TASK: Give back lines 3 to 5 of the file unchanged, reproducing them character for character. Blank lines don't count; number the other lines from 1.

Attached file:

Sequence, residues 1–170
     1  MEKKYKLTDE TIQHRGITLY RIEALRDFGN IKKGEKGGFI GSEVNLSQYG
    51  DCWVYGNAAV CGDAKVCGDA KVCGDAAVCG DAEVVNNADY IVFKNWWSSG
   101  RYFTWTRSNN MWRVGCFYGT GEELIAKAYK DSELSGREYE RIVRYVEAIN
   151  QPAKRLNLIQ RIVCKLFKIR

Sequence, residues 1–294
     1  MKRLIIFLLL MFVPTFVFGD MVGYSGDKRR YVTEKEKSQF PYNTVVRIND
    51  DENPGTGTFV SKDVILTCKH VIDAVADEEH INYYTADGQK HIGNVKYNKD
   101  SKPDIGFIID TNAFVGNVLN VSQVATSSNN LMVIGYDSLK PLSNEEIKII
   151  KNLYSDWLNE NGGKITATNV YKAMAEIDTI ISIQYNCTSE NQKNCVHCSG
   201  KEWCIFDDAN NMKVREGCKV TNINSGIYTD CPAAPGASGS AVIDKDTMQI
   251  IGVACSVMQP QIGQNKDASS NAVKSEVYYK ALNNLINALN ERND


    51  DCWVYGNAAV CGDAKVCGDA KVCGDAAVCG DAEVVNNADY IVFKNWWSSG
   101  RYFTWTRSNN MWRVGCFYGT GEELIAKAYK DSELSGREYE RIVRYVEAIN
   151  QPAKRLNLIQ RIVCKLFKIR